Thursday, May 12, 2011

Astonishing Pensions for PAP Ministers, Top Civil Service, Top Police Officers and High Court Judges, etc !


A lawyer friend (whose name I have with-held) has given me the shocking answer to my query: Do retired ministers receive 50% of their last-drawn pay for life? (scroll down: be sure to read the text in bold especially).

I also attach a copy of the Parliamentary Act so you know I am not making this up.

Please spread this message by cutting and pasting the text below in a new email message and sending it to all your friends.

Some people actually think our ministers only make $40,000 a month, hence are not bothered by our ministers' pay. Some people think it's okay for our ministers to quibble over $30 increase in subsidies to the poor!!




Your friend is wrong about 50%. It is actually as high as 2/3rds. The Parliamentary Pensions Act provides that "office holders" (which means "Prime Minister, Deputy Prime Minister, Speaker, Senior Minister, Minister, Senior Minister of State, Minister of State, Mayor, Senior Parliamentary Secretary, Parliamentary Secretary or Political Secretary"). If you closed your eyes and threw a stone in Parliament House during a Parliamentary sitting - assuming if, and it is a big if, that everyone attends (which is never the case. Parliamentary sittings are lucky if 50% of MPs attend!) you will hit at least 1 or perhaps 2 with the stone ricocheting PAP chaps entitled to pensions.

Anyhow, back to your question. The Act has a formula for payment of the amount of pension. You start with a numerator of 8 (meaning 8 years of service as office holder) and add 1 for every year of service after that. You divide this number by a fixed denominator of 27, and you stop when the number hits 2/3rds, which means that anyone who has 18 years service will hit maximum pension. The amount that is due to him FOR LIFE is found at section 4:
4(2) The annual amount of pension payable to an office-holding Member shall be —
(a) in respect of every completed year of reckonable service in any office, or where he has served in
more than one office in each office, at the rate of one-twenty-seventh (1/27) of his annual salary in that
office; and

(b) in respect of any remaining uncompleted year of reckonable service in any office, or where he has
served in more than one office in each office, at the rate of one-three-hundred and twenty-fourth (1/324)
part of his annual salary for each completed month of reckonable service in that office.
(2A) The annual pension payable to any office-holding Member under subsection (2) shall not exceed two-thirds
of the highest annual salary of any office held by him.

(3) Subject to sections 13 and 15, a pension granted under this section shall continue for the life of the person to
whom it is payable but shall not be payable in respect of any period during which he is again an office-holding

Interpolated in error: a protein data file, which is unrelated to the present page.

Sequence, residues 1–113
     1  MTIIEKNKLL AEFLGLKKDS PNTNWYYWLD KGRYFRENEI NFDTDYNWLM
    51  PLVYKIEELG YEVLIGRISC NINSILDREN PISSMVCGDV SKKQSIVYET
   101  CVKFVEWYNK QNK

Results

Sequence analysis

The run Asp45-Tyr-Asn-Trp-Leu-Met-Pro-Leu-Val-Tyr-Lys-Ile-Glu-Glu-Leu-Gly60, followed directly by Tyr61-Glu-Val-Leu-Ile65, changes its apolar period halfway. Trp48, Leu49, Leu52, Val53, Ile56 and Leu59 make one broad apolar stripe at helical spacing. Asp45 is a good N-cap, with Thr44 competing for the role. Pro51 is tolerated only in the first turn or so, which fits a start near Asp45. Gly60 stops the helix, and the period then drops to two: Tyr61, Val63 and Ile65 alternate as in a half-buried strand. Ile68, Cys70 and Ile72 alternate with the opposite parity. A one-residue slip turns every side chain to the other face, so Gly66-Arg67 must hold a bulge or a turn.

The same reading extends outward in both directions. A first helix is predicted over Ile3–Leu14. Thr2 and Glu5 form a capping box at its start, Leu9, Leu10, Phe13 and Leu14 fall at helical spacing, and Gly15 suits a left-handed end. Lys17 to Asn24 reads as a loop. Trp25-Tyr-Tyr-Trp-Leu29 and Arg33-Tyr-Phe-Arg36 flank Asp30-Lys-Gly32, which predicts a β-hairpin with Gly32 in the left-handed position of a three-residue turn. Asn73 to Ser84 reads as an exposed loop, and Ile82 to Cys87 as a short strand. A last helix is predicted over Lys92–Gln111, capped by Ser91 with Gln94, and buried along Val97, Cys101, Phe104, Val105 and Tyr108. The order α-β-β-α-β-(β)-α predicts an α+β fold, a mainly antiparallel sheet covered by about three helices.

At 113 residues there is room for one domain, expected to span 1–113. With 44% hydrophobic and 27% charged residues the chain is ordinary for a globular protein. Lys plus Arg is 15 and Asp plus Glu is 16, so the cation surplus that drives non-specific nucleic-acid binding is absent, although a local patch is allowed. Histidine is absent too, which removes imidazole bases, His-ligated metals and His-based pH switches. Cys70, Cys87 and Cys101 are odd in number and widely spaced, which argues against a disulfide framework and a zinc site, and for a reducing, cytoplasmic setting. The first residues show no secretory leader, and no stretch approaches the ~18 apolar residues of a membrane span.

Member; at the end of that period the pension shall again be payable and shall be re-computed with the addition
of that period to the period of his former reckonable service as an office-holding Member.

(4) For the purposes of subsections (2) and (2A), “annual salary”, in relation to any office, means the annual
equivalent of the highest monthly rate of salary (excluding any non-pensionable allowances) received by an
office-holding Member during any period of reckonable service as a holder of that office.

Astonishing, isn't it that the pension is payable based on the "Highest annual salary of any office held by him" and "highest monthly rate of salary". So, it doesn't matter that the MP was a low ranking parliamentary secretary for 17 years, and then became a multi-million $ minister for 1 year. His pension will be based on 2/3rds of his salary as a minister, as that is his highest annual salary of any office held by him. So, it also doesn't matter that there are occasional reductions in salary during recessions, since their pension is based on their highest annual salary.

On this basis, SM / PM / MM will get 2/3rd x $3 million for the rest of their lives. I understand that if they are eligible for pension and they are still serving, they get both salary plus pension concurrently. (see section 5).

Or did I forget to tell you that pensions are exempt from income tax? This is stated in the Income Tax Act!

It gets better. The Act says that the pension can be commutated. This means that it is paid in 1 lump sum instead of monthly payments for life. The lump sum is equivalent to 175.14 months of pension, i.e. 14.6 years of pension. It doesn't matter that the minister asks for it because he has terminal cancer and has 3 months to live. He will get 14.6 years of pension paid to him in 1 go, and it will be tax free. If MM's pension is based on 2.5 million (conservative estimate), his commutated pension is $36.5 million. Can buy a GCB with it, without any bank loan!

This is a real scandal. I was horrified when Goh Chok Tong proposed recently that ministers serve 8 years only, and new ones come in. It means that the pool of multi-million dollar pension earners will get bigger and bigger! It will add to the financial burden of future generations of Singaporeans having to pay for the pensions of people who have already been paid too much during their terms of office.

Who in the private sector is entitled to pension? And yet the ministers, etc are collecting tax free pensions on top of their world's highest salaries. Now you know why George Yeo is fighting so hard to keep his job as minister.

Incidentally, all Admin Service officers, Sr Police & Military Officers and High Court Judges are still entitled to pensions in the same manner.

No comments: